Last week, David Edwards explained why The Church of England should not break communion with any Anglicans, in It was never meant to be perfect:
SO WHAT are the lessons for 2005? One is that the Church of England should not be ashamed to be as comprehensive as it has been and is, and ought not to break off communion with any Anglicans anywhere. If any Anglican group is defeated, the Church is impoverished.
And if any group triumphs, the victory is short-lived because, in reaction, another group grows in conviction, as the Evangelicals are currently taking advantage of the radicals’ self-inflicted disaster and the Anglo-Catholics’ disarray.
If a mission to England is really wanted, it has to be acknowledged that the ordinary English are never going to become completely what popes or Puritans, Evangelicals or Anglo-Catholics, liberals or radicals want.
One reason for this reluctance is that some 70 per cent of the English believe that they are already Christians — and also believe that what they know about Jesus Christ (which may not be much) does not fit neatly into the picture painted by any of the ecclesiastical parties.
Yet the vision of a complete Anglican consensus is utopian. This is partly because the English do not like to be told what to think or do by any dictatorship, whether personal or corporate. But a more edifying reason is that Anglicanism at its best has always tried to be not a theological or denominational system, but merely Christian.
The back page interview was of Mark Russell youth worker, lay preacher, and youngest member of the Archbishops’ Council. I particularly liked his comment on Leviticus.
Keith Ward argues that Christians must join the most important debate — about the universe in How science supports faith:
MANY of us are still afraid of science and of what it might do to faith. We would rather close our minds to discoveries, and stay with the old “certainties”. The best example of this is American creation science, which still tries to defend the first chapters of Genesis as scientific fact, in defiance of virtually all informed scientific opinion. That is why many physicists say that their God, their intelligent cosmic mind, is not the biblical God, the God who made the universe 6000 years ago, and who deprived snakes of their legs.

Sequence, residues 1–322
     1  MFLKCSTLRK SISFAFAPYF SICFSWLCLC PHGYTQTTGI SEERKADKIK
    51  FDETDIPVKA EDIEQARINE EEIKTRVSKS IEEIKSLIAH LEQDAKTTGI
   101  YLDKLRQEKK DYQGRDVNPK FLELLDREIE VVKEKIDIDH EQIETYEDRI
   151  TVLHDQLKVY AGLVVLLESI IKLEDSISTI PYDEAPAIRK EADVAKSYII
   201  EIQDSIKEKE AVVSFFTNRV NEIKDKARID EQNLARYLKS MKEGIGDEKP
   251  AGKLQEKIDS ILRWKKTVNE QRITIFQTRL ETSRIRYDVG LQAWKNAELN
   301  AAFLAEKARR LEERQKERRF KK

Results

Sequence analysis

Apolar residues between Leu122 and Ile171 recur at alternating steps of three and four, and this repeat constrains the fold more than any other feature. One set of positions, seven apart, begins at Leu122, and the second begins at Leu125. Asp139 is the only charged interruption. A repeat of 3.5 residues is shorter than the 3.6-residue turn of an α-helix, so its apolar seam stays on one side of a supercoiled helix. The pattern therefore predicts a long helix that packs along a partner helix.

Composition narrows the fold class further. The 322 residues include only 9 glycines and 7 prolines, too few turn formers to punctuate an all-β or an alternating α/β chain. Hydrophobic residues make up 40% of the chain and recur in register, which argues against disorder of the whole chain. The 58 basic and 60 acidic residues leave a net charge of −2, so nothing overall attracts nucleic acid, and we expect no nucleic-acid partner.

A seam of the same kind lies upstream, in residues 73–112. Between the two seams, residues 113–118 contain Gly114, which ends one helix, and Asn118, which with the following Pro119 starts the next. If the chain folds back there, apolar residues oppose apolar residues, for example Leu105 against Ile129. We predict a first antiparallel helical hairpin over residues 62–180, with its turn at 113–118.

Here is the point. That is not really the biblical God. Christians should not be tied to primitive myths for ever, while much of modern science longs to open up a vision of a beautiful 15-billion-year-old universe, with billions of stars and galaxies, singing the glory of a Creator beyond all spaces and times.
This is the real debate for the Churches. There are many prominent Christians engaged in it. Pope John Paul II was a leading figure in opening up conversations between theology and science. John Polkinghorne and Arthur Peacocke are just two of the best-known Anglicans who lead the field, and their books are a good place to start.
But Anglicans must be trained and ready to take on board the best of modern science; to separate ancient myth from scientifically informed knowledge; and to tackle head-on the problem of whether the universe is cruel, terrifying, and pointless.
The modern scientific view of the universe will set this problem in a different light — one, perhaps, for which the laws of the universe have to operate as they do in order for life-forms like us to exist at all. Perhaps the universe can be seen to be both beautiful and dangerous — but never pointless. Perhaps it can be seen as the basis for a transformation into new and greater forms of life, as Romans 8 implies.
Whatever the upshot, it is probably true that all our thinking about God will have to be done in a new way. That is because all our traditional thinking was done before modern science told us the truth about the physical universe, when people had a different (and largely mistaken) idea of what the universe was like.